December 18, 2013 at 1:00 am

Molly Abraham

Grosse Pointe's Marais offers up intricate fare, beautifully prepared

A bottle of Chateau D'Yquem 2006 dry sauterne Ygrec 'Y' goes with one of Marais' signature dishes, butter-roasted halibut. (Photos by Ricardo Thomas / The Detroit News)

From its exterior painted the color of dark Belgian chocolate and lit with flickering gaslights to the pristine white dining room set with softly upholstered chairs and gleaming stemware, the new Marais Restaurant is an elegant presence on the corner of Kercheval and St. Clair in Grosse Pointe.

Marais’ ambitious menu matches the setting with a list of highly detailed dishes from chef David Gilbert, who named the restaurant for his and wife Monica’s favorite historic district in Paris.

Walk in the side entrance on St. Clair rather than the front door, and you’ll get a glimpse of the activity in the beautifully equipped kitchen where the culinary artistry takes place, and also the adjacent wine room with its impressive stock.

Gilbert, whose local kitchens have been at the Forest Grill and the Townsend Hotel’s Rugby Grill, both in Birmingham, and who previously cooked in Europe, offers a one-of-a-kind selection of eight appetizers and 10 main courses, each completely composed with individual accompaniments to enhance the seafood or meat centerpiece.

The impeccably dressed staff discusses the menu as if they had apprenticed in the kitchen, and it’s a good thing. Yes, most of us will need assistance as we peruse such listings as “diver scallops with flageolet bean ragout, garlic puree, pine nut and watercress pesto and crispy bone marrow” or “veal breast and sweetbread with Riesling-braised Savoy cabbage, licorice-dusted sweetbreads, baby turnips and salsify.”

While the intricacies of the labor-intensive fare might seem intimidating, the atmosphere itself is comfortable, and the waitstaff makes a point of being friendly and accommodating as they serve in ensemble fashion without hovering.

First to the tables is the current amuse-bouche, and it sets the tone. In a hollowed-out eggshell, Gilbert presents truffled egg custard with duck demi-glace-infused mushroom duxelle and watercress puree, just a few delicate sips, so good, in fact it almost trumps what follows.

Among appetizers are ricotta gnudi, tiny gnocchi-like dumplings, with accompaniments of yam, prosciutto and pecans, set off by ruffles of kale and a swirl of aged Modena balsamic vinegar; and roasted quail atop couscous, with smoked potato, parsnips and pumpkin seeds in red wine sauce — each would make a good prelude to one of the seafood main courses, notably butter-roasted halibut with lobster salad, or Dover sole with mushrooms, grapes and walnuts in wine sauce, one of the simpler presentations.

Other choices on the current menu (it will change seasonally) include stuffed saddle, chop and rillette (pate) of rabbit, and beef tenderloin with oxtail ravioli, truffle-scented croutons and green apple. There are also, as would be expected, lovely desserts, housemade as is pretty much everything here, typified by a luxurious chocolate cake with chocolate mousse and coffee cardamom ice cream and puff pastry embellishments.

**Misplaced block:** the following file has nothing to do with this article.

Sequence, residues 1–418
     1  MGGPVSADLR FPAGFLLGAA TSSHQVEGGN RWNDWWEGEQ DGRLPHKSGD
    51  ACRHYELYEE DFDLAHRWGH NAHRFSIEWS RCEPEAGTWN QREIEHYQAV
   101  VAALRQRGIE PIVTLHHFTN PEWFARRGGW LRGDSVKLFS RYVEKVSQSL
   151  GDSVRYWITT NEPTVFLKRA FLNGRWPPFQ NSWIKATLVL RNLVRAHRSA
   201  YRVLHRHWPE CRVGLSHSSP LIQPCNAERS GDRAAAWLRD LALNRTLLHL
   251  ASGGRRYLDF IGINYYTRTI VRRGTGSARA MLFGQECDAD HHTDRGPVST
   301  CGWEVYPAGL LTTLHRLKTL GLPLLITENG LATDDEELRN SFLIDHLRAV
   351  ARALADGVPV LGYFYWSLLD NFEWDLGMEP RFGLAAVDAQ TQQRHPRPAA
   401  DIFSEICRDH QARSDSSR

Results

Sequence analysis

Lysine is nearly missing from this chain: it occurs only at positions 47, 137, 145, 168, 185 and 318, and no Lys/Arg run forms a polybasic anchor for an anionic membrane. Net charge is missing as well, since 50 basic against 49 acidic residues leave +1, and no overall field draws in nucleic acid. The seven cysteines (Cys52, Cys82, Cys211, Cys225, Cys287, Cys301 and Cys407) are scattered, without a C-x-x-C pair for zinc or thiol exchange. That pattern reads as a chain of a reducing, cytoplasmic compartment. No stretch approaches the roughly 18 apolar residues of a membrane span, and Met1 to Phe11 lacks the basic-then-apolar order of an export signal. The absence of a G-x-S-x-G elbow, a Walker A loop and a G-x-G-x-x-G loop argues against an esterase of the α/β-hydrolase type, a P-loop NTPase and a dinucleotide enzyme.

The adjoining, dimly lit cocktail lounge has its own entrance, and it is less formal than the main dining room. The entire menu may be ordered there. Some diners have even tackled the tasting menu while seated at the bar.

To sum it up, Marais is a restaurant for those who appreciate fine dining at the highest level.

Marais Restaurant

17051 Kercheval, Grosse Pointe

Call: (313) 343-8800

Rating: Four stars (out of four)

Hours: Dinner only, 5:30-10 p.m. Tues.-Sat.

Prices: Appetizers $17–$21 , entrees $34-$38, desserts $9. Six-course tasting menu $115 per person.

Credit cards: All major

Liquor: Full bar and extensive wine list

Noise level: Moderate

Parking: Rear municipal lot

Wheelchair access: No barriers

Food and beverage calendar

Trooper Ale Release Party at Small’s Bar: Limited supply of Iron Maiden’s Trooper Ale from the United Kingdom’s Robinsons Family Brewers. Iron Maiden tribute band Today I Maiden performs. 8 p.m. Thurs. $5-$12. 10339 Conant, Hamtramck. (313) 873-1117 or

Winter Solstice Release Party at Kuhnhenn Brewing Co.: This indoor and outdoor party is a chance to taste rare, special-occasion beers from the Kuhnhenn vaults. Detroit BBQ Co. will provide the food, and punk bands CbJ and St. Thomas Boys Academy will perform. Clothing, dog food, toys and nonperishable food donations will be collected. 3 p.m. Fri. No cover. 5919 Chicago, Warren. (586) 979-8361.

Dinner with Chef Kate Williams at Revolver: This week, Hamtramck’s Revolver restaurant hosts Rodin’s former executive chef Kate Williams. She prepares a five-course dinner; menu available at 6:30 and 9 p.m. Fri. $40. 9737 Jos. Campau, Hamtramck. (313) 757-3093.

New Year’s Eve Beer Dinner at Clubhouse BFD: A five-course dinner paired with Unibroue beers, plus appetizers, games, other beer and Krispy Kreme sliders at midnight. 7 p.m. Dec. 31. $100. 2265 Crooks, Rochester. (248) 289-6093.

Pairing the Mitten at Fox Theatre: Sample wines from Michigan companies like St. Julian, Sandhill Crane, Black Star Farms and enjoy food made by the chefs from Olympia Entertainment and Motor City Casino Hotel. 6 p.m. Jan. 15. $95. 2211 Woodward, Detroit. (800) 745-3000.

Craft Beerfest at Royal Oak Music Theatre: VIP ticket holders may enter one hour for earlier access to special beers from 6-8 p.m. 7 p.m. Jan. 25. $40 advance, $45 at the door, $60 advance, $65 VIP at the door, $5 designated drivers. 318 W. Fourth, Royal Oak. (248) 399-2980.
(313) 222-1475

The Marais menu includes such listings as 'diver scallops with flageolet ... (Ricardo Thomas / The Detroit News)
Chef David Gilbert has worked at the Forest Grill and the Townsend Hotel's ... (Ricardo Thomas / The Detroit News)
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